Jerusalem-born US Citizens May List Israel as Birth Country, Pompeo Says

U.S. Secretary of State Mike Pompeo announced Thursday that U.S. citizens born in Jerusalem will now be able to list Israel as their country of birth on their passports.
 
Historically, U.S. citizens born in Jerusalem have only been allowed to list the city as their country of birth on U.S. passports, as the city’s status is tied to Israeli-Palestinian conflict negotiations.
 
In 2017, the Trump administration formally recognized Jerusalem as the capital of Israel, a decision that reversed decades of U.S. foreign policy and went against an international consensus that the status of the city should be decided in peace talks between Israelis and Palestinians, who both claim the capital city.
 
Subsequently, the U.S. has since moved its embassy from Tel Aviv to Jerusalem.
 
The administration’s decision follows a 2015 Supreme Court case that determined the executive branch has the sole authority to grant recognition of sovereign states.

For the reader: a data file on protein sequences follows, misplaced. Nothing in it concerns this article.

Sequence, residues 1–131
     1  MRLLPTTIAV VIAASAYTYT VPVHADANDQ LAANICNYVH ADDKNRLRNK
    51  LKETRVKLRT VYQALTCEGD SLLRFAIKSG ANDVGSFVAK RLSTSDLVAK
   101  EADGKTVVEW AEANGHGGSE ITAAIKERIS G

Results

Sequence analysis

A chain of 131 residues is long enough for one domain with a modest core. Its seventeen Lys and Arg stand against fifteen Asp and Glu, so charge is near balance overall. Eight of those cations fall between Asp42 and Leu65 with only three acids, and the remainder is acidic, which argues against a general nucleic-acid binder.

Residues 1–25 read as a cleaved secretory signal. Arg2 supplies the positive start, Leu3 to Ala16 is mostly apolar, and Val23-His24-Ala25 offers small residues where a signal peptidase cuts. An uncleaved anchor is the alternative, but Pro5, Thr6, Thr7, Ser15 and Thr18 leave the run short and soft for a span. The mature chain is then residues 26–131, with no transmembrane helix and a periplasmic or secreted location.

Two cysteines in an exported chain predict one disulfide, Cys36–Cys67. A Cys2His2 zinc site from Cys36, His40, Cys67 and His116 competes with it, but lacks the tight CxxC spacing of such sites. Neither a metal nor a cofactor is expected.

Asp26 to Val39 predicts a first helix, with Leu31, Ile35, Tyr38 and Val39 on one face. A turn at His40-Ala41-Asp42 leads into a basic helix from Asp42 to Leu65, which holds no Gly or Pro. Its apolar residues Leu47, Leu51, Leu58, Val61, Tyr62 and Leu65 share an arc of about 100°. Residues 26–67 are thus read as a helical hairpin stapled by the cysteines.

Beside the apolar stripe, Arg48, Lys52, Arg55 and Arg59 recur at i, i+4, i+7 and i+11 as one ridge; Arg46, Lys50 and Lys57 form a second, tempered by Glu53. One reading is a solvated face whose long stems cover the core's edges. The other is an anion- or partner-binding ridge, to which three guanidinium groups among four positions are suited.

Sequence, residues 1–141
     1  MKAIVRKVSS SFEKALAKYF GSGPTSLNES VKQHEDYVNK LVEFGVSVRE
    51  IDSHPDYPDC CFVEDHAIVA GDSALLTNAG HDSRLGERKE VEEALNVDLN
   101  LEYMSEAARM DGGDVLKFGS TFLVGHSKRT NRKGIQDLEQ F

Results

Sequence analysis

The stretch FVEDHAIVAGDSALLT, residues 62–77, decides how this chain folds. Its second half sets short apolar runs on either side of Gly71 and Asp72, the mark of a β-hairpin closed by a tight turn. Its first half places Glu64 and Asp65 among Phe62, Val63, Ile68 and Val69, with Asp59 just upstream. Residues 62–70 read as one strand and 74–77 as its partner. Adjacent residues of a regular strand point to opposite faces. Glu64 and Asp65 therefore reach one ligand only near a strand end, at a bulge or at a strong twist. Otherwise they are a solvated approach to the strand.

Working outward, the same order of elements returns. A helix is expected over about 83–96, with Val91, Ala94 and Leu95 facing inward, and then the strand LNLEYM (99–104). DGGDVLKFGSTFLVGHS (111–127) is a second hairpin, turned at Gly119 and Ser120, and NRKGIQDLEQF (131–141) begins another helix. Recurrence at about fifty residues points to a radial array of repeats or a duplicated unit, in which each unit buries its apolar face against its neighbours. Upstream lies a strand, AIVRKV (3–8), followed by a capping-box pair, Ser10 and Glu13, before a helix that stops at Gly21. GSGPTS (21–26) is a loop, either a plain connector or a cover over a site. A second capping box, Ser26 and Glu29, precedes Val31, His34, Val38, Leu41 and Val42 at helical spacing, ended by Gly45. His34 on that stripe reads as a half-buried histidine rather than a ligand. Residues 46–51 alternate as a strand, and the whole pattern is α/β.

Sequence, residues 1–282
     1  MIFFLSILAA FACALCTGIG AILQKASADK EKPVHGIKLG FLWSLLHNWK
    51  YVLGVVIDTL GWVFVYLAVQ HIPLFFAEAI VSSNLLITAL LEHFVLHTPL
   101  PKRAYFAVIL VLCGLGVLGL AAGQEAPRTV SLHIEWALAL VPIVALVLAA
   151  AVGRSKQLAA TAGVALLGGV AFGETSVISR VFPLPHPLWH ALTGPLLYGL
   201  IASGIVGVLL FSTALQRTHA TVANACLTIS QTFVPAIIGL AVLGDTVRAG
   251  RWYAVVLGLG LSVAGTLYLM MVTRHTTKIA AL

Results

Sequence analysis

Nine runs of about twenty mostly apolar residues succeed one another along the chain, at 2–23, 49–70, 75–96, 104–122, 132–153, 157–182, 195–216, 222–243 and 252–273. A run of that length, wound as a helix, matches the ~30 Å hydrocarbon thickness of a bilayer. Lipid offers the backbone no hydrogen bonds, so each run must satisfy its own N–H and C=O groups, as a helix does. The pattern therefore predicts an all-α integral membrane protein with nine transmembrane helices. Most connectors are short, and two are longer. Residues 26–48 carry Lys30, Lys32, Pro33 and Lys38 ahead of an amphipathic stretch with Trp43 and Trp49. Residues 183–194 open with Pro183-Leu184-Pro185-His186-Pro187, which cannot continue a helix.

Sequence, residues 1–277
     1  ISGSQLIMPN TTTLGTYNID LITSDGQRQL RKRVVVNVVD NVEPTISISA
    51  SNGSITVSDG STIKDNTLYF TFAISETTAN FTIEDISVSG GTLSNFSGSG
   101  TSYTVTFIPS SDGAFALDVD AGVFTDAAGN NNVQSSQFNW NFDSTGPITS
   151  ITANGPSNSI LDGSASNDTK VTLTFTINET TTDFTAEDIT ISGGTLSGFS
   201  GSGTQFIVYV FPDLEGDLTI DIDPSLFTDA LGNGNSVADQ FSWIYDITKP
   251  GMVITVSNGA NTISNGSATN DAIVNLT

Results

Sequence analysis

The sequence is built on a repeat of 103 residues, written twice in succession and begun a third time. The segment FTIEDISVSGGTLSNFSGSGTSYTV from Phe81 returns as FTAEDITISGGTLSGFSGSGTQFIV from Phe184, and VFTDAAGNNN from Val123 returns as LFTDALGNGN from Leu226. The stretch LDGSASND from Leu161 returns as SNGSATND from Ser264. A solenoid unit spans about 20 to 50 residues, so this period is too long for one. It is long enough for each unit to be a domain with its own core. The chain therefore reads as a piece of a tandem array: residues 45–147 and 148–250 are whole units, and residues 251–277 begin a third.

The announcement, which comes just days before the highly anticipated U.S. presidential election, is viewed by some as the administration’s appeal to Jewish voters, evangelical Christians and other staunch supporters of Israel.  
 
Moreover, the new policy comes a day after the administration listed restrictions for U.S. investments with Israel on research, technology and science projects that take place in the West Bank, an illegally settled territory, according to international law.  
 
Simultaneously, Trump has cut off aid to the Palestinians, shut down their offices in Washington and downplayed talks of a two-state solution.
 
Most recently, the administration has assisted to persuade Bahrain, the United Arab Emirates and Sudan to normalize diplomatic relations with Israel.
 
In a press memo released from the U.S. Department of State, Pompeo urged Palestinians to “come to the table and negotiate” a lasting peace agreement between the two parties.